Wisdom

Fame is probably not good for your health

By June 7, 2016 No Comments

Mainstream media doesn’t help us understand what it’s like to be famous.

Some famous people are thoughtful, but which ones? It’s hard to figure out just by watching TV.

But podcast interviews like the one Tim Ferriss had with actor Edward Norton are helpful, and fascinating. In the interview Norton comes across as obviously sincere, and thoughtful.

I appreciated his book and movie recommendations, but the reference to an essay by Tennessee Williams called The Catastrophe of Success was the most stirring.

Here’s an insightful quote from that article:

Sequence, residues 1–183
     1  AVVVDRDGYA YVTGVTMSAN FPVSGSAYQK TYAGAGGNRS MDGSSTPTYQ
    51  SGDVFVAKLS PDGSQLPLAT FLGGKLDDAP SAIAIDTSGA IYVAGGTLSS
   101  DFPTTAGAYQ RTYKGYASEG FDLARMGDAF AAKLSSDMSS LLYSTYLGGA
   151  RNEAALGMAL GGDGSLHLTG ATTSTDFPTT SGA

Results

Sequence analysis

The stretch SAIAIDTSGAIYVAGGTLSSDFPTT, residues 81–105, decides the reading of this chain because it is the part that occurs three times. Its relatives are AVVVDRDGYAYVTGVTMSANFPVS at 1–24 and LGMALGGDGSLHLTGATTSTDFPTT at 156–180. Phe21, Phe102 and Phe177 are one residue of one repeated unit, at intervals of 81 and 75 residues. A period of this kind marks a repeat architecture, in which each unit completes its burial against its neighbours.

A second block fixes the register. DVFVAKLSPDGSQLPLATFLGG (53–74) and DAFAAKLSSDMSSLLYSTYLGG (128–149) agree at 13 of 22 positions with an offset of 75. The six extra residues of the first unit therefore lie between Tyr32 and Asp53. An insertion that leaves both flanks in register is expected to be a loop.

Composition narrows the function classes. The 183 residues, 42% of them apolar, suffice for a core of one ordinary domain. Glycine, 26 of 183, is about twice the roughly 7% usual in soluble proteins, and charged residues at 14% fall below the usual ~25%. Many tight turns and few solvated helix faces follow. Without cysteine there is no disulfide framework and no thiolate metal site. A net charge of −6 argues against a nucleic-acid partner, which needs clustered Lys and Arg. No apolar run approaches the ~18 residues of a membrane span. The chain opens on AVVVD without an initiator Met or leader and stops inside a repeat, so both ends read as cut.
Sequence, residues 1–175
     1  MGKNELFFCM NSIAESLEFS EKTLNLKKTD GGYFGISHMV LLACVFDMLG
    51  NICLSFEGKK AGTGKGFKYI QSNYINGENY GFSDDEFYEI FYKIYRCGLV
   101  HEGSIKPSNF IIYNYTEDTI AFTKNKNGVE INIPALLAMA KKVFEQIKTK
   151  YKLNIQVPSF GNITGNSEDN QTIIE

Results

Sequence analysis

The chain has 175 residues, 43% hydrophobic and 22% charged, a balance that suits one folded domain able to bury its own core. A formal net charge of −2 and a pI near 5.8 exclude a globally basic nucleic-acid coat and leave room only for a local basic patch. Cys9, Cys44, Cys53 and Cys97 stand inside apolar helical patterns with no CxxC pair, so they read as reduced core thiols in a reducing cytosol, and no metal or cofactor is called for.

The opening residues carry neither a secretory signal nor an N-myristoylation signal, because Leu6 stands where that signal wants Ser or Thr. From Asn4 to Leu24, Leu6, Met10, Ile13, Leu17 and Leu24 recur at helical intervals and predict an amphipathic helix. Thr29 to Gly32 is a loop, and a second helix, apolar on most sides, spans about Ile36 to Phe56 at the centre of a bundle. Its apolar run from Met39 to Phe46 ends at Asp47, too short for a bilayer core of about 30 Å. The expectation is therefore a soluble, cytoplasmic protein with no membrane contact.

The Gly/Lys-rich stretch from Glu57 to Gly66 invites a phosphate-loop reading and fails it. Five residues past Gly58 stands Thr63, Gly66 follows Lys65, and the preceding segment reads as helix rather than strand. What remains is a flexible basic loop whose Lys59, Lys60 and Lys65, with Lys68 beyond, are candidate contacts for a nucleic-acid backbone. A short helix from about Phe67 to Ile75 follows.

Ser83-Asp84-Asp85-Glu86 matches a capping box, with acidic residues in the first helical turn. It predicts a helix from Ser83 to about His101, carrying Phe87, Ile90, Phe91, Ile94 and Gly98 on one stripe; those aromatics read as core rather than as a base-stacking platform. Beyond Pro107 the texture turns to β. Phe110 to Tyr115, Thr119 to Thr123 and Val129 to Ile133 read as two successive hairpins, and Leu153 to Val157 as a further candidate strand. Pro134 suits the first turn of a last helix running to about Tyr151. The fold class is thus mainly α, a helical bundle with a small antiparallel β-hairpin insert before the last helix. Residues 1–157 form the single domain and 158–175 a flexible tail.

“The sort of life that I had had previous to [my popularity] was one that required endurance, a life of clawing and scratching along a sheer surface and holding on tight with raw fingers to every inch of rock higher than the one caught hold of before, but it was a good life because it was the sort of life for which the human organism is created.”

Humans need existential challenges more than we need acclaim. Famous people often get trapped by their acclaim.

And all too often they’re found alone in a room and dead, stricken by some form of self-medication.

The real cause of death, of course, is probably something else.

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